Stu’s Back.

Good Morning All,

Tuesday was my first day back at Ash lock. For me and my family it has been a very long lockdown. Working from home for me was interesting, as you know I am a practical go out and get it done, not an desk worker. That being said it has not been quiet as I have been home schooling my 4 young children (I do not envy teacher’s). I am currently now working on a Tuesday and Thursday then back to full time in August.

Tuesday was very exciting for me to start and get back to work and some type of normality. Blackwater Valley currently have the Massey tractor and hired the Amazone cut and collect.  I headed over to Shawfield and got the rotational cut of the meadows there done. It was great being back on site after a long time away. Thursday I avoided the rain and went to Snaky lane nature reserve, Rushmoor bottom to do their meadow cuts. In the damp conditions the Amazone has been working well this year.

I hope to see and work with you all in the not too distant future.

Ranger Stu.

About blackwatervalleycountryside

The Blackwater Valley is located on the borders of Hampshire, Surrey and Berkshire and runs for approximately 30km from the source near Aldershot, northwards to Swallowfield. At its confluence it joins the rivers Whitewater and Loddon. The Loddon eventually flows into the River Thames near Reading. Work in the Blackwater Valley is co-ordinated by the Blackwater Valley Countryside Partnership on behalf of the local authorities that border the Valley. Despite being surrounded by urban development the Valley provides an important green corridor for local residents As well as the Blackwater Valley Site of Special Scientific Interest (SSSI) and a small part of the Basingstoke Canal SSSI, three nature reserves within the Valley catchment and many other areas have been recognised for their ecological importance. The local planning authorities covering the Valley have designated 31 other areas as ‘Wildlife Sites’.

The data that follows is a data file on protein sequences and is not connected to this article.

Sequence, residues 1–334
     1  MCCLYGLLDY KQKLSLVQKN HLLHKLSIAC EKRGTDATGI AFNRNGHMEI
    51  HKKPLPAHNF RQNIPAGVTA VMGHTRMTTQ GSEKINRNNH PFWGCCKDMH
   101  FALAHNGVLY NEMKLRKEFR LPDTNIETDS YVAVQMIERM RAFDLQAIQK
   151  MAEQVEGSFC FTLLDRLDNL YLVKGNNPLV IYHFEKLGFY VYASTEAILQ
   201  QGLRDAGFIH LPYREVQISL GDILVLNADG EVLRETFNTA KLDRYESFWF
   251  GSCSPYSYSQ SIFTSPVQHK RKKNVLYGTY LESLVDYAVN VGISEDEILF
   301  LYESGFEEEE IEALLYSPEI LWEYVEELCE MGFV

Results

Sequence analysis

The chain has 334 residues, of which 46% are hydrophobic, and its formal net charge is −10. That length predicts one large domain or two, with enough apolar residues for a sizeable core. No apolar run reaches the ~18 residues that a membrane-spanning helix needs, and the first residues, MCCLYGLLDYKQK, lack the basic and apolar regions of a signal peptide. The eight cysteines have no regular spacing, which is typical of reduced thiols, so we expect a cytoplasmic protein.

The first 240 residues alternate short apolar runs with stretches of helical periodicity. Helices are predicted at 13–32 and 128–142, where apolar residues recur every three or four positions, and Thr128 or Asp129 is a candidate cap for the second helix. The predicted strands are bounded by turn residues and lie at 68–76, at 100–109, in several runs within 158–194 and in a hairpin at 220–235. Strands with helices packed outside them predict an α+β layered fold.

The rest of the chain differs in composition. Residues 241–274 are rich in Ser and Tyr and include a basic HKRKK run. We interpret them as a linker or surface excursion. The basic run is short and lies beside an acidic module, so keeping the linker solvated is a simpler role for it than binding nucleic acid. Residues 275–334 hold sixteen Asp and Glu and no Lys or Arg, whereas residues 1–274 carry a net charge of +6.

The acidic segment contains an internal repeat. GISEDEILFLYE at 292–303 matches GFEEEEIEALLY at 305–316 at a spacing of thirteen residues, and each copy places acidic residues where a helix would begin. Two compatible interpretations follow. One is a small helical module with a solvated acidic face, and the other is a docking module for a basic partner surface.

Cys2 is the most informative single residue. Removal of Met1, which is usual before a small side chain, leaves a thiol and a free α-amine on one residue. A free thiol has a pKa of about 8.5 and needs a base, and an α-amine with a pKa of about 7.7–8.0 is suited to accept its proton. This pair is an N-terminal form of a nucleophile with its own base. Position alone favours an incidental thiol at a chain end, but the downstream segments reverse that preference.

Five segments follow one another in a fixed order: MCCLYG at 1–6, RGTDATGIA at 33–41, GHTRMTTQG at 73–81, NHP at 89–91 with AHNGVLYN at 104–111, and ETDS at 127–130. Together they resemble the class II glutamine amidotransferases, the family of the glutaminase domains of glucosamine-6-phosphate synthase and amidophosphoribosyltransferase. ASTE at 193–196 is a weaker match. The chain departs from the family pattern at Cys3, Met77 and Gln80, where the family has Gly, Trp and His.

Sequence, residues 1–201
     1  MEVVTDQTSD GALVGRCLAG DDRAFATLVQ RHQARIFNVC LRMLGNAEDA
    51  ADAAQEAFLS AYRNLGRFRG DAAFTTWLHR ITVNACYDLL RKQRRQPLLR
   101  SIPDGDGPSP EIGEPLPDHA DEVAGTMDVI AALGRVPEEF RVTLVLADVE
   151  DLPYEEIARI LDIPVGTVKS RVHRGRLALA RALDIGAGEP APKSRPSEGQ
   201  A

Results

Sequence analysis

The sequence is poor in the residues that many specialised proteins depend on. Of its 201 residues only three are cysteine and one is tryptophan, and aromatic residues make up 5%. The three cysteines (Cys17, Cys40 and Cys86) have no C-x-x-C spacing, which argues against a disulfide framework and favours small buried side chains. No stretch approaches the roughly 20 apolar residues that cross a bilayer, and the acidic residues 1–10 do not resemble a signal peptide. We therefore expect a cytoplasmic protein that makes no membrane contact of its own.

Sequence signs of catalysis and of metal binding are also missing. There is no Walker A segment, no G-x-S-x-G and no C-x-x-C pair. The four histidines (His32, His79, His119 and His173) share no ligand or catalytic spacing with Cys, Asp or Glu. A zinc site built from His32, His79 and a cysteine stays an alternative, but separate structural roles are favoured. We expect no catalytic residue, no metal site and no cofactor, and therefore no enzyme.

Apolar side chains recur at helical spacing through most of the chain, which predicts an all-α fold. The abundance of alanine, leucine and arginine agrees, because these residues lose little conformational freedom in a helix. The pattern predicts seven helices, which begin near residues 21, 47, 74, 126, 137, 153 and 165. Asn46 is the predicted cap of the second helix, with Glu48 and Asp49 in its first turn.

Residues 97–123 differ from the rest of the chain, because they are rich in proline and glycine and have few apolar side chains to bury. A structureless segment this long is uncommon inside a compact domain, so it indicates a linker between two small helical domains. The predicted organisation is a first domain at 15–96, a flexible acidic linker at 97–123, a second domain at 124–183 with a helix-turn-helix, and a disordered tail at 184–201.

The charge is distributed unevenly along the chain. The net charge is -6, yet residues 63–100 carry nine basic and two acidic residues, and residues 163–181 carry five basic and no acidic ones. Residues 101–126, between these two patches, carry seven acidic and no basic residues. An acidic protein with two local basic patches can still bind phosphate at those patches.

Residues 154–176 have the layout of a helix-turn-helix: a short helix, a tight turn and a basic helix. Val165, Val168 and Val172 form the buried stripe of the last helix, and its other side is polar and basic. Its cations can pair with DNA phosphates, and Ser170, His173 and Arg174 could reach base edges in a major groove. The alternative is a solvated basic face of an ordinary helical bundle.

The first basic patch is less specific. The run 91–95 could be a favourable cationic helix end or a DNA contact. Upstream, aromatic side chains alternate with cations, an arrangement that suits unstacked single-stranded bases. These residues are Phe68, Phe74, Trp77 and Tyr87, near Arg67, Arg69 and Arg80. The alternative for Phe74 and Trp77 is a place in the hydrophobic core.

This entry was posted in Access, Ash Lock, BV path, Conservation, General Information, Minor Sites, Sites, Wellesley Woodlands, Wildlife. Bookmark the permalink.

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